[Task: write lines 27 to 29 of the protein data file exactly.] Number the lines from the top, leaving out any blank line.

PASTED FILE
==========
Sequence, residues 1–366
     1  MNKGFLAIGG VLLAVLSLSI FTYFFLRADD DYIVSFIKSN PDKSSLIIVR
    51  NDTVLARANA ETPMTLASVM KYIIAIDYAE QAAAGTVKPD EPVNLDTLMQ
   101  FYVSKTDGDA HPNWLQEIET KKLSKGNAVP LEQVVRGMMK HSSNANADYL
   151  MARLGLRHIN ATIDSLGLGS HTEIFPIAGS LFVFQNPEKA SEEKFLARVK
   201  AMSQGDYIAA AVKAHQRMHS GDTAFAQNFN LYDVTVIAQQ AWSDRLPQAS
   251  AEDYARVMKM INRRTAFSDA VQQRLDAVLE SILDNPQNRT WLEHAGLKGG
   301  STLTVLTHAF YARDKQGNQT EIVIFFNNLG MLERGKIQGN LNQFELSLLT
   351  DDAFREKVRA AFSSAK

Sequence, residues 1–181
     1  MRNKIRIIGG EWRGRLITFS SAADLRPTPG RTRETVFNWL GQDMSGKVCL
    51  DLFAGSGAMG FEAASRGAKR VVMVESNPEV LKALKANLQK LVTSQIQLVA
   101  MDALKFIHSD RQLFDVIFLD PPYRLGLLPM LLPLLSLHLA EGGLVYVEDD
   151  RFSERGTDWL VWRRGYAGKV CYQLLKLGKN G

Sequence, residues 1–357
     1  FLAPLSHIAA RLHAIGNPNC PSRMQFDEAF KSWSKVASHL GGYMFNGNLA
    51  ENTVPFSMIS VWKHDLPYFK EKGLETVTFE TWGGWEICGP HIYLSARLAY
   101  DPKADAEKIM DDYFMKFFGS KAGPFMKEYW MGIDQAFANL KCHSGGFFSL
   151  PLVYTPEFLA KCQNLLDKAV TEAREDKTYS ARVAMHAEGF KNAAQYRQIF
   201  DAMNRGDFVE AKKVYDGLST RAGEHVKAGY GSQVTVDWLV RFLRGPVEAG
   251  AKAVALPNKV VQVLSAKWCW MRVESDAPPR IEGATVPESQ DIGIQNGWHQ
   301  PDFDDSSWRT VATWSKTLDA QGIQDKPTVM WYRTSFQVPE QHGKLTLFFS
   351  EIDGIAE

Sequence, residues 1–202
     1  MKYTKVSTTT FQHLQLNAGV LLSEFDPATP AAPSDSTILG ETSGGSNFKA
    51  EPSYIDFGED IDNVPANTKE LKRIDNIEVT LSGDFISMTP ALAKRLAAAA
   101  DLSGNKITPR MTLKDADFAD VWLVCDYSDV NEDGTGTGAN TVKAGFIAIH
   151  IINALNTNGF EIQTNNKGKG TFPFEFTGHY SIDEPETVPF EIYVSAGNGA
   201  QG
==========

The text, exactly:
   101  DLSGNKITPR MTLKDADFAD VWLVCDYSDV NEDGTGTGAN TVKAGFIAIH
   151  IINALNTNGF EIQTNNKGKG TFPFEFTGHY SIDEPETVPF EIYVSAGNGA
   201  QG